The global economic downturn resulting from the COVID-19 pandemic led to significant declines in advertising spend during the first quarter of 2020. As a software platform enabling digital advertising, The Trade Desk (NASDAQ:TTD) seems particularly susceptible to weakness in this environment.

Yet the company delivered 33% year-over-year revenue growth in the first quarter. Was it because the economic slowdown didn't hit hard until March? Or are other factors at play? Let's dive into this business to find out if The Trade Desk is a worthwhile investment.

A silver sign displaying the words "digital advertising" protrudes from a wall.

Image source: Getty Images.

The pandemic's impact

The Trade Desk generates revenue by charging fees to use its software platform, which allows advertisers to run digital ad campaigns efficiently across many publisher websites and other channels. The company was tracking ahead of revenue projections in the first two months of 2020, according to CEO Jeff Green. In March, when governments around the world implemented lockdowns to stop the spread of the coronavirus, advertising spend rapidly eroded.

Even so, The Trade Desk ended the first quarter with revenue of $160.7 million, up from $121.0 million in the prior-year period. In fact, The Trade Desk has delivered consistent quarterly revenue growth as you can see below:

TTD Revenue (Quarterly) Chart

Data by YCharts.

But that trend is set to change in 2020. With the pandemic wreaking havoc on economies and advertisers cutting back as a result, The Trade Desk's revenue is likely to underperform near term.

According to Green, ad spend did begin to bounce back in April as companies revised their messaging to reach customers in this new environment. He admitted some industries, such as travel, lag behind others, but one growth area was internet-connected television advertising.

Connected-TV opportunities

In the last 10 days of April, Green stated that connected-TV ad spend grew approximately 40% year over year. As advertisers shift their limited budgets to a handful of outlets, connected TV's greater measurability over traditional, linear TV outlets is proving attractive.

The advertising industry has long spent significant chunks of ad budgets on linear-TV programming -- U.S. linear-TV ad spend exceeded $70 billion annually in the past few years. However, consumers have been moving toward connected-TV programming, including streaming media provided by companies like Netflix.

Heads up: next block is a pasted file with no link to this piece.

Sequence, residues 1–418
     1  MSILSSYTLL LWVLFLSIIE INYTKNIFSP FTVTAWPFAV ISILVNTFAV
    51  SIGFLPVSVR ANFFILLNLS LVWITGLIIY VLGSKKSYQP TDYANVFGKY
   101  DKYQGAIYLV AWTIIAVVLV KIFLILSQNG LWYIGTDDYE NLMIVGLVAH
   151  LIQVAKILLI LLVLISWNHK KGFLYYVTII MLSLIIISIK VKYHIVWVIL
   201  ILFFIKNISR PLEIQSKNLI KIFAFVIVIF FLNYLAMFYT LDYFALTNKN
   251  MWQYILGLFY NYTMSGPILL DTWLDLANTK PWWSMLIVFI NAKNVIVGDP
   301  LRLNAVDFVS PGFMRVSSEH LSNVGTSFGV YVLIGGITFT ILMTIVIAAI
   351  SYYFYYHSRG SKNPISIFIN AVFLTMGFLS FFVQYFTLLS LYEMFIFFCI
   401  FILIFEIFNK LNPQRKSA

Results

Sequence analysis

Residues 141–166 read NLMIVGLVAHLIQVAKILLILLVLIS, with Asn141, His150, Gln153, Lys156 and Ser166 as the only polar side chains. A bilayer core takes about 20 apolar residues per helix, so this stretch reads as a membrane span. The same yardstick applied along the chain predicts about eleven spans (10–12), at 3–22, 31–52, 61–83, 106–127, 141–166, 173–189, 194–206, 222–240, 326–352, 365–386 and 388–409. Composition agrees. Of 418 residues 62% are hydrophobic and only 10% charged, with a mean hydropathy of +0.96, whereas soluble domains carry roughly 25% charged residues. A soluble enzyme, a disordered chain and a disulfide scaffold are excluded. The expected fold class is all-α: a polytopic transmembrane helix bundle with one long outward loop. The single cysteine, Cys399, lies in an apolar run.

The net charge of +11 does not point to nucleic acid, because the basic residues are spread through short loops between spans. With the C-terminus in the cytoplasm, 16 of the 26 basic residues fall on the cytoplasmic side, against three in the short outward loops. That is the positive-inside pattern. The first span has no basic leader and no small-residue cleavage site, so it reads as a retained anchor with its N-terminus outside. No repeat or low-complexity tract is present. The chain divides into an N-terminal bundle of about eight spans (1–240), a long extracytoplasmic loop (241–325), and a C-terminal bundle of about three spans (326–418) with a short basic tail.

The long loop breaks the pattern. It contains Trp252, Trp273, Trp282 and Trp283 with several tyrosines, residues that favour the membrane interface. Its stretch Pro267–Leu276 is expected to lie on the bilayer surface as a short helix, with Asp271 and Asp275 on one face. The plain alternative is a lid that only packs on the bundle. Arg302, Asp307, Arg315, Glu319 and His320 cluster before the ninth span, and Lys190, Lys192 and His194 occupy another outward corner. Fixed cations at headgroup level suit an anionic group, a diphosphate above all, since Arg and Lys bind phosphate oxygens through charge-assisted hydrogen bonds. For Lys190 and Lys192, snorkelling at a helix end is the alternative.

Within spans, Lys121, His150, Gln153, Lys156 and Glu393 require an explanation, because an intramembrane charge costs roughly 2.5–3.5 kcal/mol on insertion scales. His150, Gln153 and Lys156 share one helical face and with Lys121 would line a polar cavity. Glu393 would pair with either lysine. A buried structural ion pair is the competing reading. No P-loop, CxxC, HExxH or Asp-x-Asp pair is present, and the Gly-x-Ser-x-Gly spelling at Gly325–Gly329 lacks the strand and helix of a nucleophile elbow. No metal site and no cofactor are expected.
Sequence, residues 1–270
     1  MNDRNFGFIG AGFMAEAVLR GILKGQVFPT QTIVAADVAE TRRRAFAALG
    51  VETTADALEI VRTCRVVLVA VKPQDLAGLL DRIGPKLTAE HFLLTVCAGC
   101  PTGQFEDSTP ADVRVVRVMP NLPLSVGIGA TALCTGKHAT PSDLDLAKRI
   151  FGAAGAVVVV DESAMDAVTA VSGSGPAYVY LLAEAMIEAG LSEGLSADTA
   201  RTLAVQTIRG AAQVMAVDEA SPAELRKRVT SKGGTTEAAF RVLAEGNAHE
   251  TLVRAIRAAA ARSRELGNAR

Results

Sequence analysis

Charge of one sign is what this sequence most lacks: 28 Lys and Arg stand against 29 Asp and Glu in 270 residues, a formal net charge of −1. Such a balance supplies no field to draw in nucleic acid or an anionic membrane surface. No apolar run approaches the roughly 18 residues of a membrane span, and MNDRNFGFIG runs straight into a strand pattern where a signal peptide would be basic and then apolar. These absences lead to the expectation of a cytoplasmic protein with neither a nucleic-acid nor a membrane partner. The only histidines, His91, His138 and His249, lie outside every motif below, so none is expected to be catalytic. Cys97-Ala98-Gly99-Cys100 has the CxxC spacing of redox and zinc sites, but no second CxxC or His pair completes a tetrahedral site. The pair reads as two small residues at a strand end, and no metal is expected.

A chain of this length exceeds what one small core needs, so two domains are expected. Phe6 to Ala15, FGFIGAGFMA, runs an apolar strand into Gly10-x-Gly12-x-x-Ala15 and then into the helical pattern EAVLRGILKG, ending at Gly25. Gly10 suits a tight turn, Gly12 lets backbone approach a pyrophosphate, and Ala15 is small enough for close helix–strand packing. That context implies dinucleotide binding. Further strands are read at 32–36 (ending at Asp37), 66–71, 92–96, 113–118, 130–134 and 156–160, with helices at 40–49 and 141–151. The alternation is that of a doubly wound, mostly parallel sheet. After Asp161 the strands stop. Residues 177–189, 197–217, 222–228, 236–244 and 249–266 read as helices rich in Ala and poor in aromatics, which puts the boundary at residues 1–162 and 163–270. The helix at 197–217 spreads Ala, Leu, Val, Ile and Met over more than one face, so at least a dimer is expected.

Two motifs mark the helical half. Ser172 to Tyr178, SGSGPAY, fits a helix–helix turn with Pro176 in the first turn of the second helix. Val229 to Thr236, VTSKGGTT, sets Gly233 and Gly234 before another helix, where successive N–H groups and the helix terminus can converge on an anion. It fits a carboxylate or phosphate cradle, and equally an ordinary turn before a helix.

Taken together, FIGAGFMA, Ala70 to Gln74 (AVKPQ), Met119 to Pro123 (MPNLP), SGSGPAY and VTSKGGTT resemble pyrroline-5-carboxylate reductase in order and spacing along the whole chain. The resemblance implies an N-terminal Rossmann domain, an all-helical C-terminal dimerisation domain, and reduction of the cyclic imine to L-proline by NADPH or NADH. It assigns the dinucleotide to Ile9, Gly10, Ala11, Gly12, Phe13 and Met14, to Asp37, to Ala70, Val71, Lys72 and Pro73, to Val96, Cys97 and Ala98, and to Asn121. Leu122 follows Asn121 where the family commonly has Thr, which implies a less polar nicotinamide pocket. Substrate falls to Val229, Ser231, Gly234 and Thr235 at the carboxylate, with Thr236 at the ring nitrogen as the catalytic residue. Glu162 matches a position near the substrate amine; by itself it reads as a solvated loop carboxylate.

I helped pioneer Yahoo's connected-TV advertising technology around The Trade Desk's founding in 2009, and advertisers loved it. There just weren't enough consumers using connected devices at the time to capture significant ad budgets.

But the explosion in streaming services over the past several years, combined with shelter-at-home restrictions and sports event cancellations, accelerated the shift to connected television. Linear-TV outlets stand to lose billions of ad dollars this year.

This environment creates opportunities for The Trade Desk, which generates 88% of its revenue from the U.S., to capture a piece of the $70 billion U.S. television ad market. The extent to which it can do so is limited by the company's ability to form partnerships.

The Trade Desk requires these partnerships to access a publisher's video content and run ads. Currently, the company has partnerships with the likes of CBS, Fox, and the Discovery Channel.

The bottom line

Because of the ad industry's temporary stumble, The Trade Desk's growth is expected to decelerate in 2020. In the long run, however, the company is well-positioned as business conditions returns to normal and advertisers continue their march toward digital outlets.

Like radio and print before it, traditional television is being disrupted by a new medium. No single digital player dominates connected-TV advertising -- not the case with search and social media marketing -- giving The Trade Desk ample opportunity to capture its share of the expanding market.

Also, unlike many high-growth technology companies, The Trade Desk is actually profitable. The company saw net income rise 136% year over year in the first quarter to $24.1 million. And it exited the first quarter with a solid balance sheet -- cash and equivalents totaled $446 million.

The key lies in The Trade Desk's ability to maintain and grow the partnerships that allow it to run ads on valuable content. As long as it can do this, it is set to resume its strong momentum post-pandemic.